Changes to Seller’s Stamp Duty (SSD) and Total Debt Servicing Ratio (TDSR) framework
On 11 March 2017, the government announced that it would reduce the stamp duties that sellers have to pay on residential properties, as well as relax the rules on loan thresholds. With effect from 11 March 2017, the SSD will be payable if a homeowner sell his property with the first 3 years of purchase, instead of the first 4 years of purchase.
The SSD rates were also lowered by 4 percentage points for each tier as follows:
- 4% payable on properties sold in the 3rd year
- 8% payable on properties sold in the 2nd year
- 12% payable on properties sold in the 1st year
(The SSD payable is calculated as a percentage of the selling price of the property. The SSD is generally applicable for private residential properties and generally does not affect the sale of HDB flats owing to the need for HDB owners to satisfy the Minimum Occupation period for HDB flats, which is currently 5 years.)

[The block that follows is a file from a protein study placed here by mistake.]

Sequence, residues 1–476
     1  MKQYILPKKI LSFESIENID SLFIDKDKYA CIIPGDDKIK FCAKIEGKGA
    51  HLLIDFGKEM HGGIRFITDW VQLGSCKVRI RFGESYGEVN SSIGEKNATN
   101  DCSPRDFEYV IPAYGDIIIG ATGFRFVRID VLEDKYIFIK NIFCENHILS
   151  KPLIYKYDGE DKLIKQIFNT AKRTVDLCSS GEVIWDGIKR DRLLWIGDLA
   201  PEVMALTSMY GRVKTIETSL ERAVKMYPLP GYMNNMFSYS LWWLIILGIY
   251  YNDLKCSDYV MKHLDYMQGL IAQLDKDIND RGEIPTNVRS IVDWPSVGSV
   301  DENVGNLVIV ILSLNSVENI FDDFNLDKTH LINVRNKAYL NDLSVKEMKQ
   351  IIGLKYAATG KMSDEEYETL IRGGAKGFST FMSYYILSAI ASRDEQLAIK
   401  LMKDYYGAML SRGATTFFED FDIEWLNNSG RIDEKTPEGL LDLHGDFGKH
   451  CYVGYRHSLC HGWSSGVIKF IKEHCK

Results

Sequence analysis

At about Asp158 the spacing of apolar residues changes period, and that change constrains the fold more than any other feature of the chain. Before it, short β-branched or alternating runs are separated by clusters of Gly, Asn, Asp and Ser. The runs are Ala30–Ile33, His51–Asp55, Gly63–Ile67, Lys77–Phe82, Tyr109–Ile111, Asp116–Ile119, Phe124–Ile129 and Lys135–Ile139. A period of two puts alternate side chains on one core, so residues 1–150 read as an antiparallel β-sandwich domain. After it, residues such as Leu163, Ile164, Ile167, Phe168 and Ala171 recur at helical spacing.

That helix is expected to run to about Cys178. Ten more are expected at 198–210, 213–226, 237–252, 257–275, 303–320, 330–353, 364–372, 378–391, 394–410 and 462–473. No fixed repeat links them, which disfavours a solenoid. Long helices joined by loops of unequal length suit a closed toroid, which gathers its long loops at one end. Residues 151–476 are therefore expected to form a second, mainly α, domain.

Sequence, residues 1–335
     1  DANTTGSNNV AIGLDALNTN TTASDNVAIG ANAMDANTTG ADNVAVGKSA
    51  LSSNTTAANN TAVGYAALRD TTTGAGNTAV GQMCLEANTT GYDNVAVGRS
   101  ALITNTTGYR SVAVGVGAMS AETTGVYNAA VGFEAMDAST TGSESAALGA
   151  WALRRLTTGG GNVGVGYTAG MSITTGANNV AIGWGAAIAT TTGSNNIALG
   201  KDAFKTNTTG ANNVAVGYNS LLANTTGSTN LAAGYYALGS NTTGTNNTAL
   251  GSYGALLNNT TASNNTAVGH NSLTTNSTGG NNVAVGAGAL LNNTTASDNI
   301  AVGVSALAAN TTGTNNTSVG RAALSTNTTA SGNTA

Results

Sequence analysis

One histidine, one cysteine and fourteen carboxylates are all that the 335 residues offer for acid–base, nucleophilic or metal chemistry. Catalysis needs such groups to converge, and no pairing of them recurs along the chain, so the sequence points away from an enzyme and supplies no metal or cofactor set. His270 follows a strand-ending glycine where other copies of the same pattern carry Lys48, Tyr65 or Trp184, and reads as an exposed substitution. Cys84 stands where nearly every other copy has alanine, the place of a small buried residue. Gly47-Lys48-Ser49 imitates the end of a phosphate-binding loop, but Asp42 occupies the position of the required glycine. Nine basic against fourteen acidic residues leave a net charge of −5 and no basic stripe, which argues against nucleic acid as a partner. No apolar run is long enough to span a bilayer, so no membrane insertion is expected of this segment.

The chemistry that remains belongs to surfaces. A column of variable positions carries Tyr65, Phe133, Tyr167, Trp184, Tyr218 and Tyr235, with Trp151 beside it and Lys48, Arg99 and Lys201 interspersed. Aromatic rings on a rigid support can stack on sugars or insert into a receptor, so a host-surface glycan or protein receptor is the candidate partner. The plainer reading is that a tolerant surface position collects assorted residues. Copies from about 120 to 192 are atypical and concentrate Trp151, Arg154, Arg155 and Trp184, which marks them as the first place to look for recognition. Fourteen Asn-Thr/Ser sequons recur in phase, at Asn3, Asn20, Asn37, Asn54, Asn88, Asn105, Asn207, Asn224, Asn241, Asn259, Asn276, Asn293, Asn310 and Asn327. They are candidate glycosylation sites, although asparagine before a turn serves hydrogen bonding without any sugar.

With regard to the TDSR framework, the government has announced that it will no longer apply the TDSR framework to mortgage equity withdrawals loans with loan-to-value rations of 50% and below. This is to enable homeowners, particularly those in their retirement years, to borrow against the value of their properties and to obtain additional cash.
The current Additional Buyer Stamp Duty rates and loan-to-value limits remains unchanged.
If you would to know more about the SSD, TDSR OR ABSD payable on your properties or if you need legal representation or advice on the conveyancing process of buying or selling a property, please contact us for legal advice and a consultation.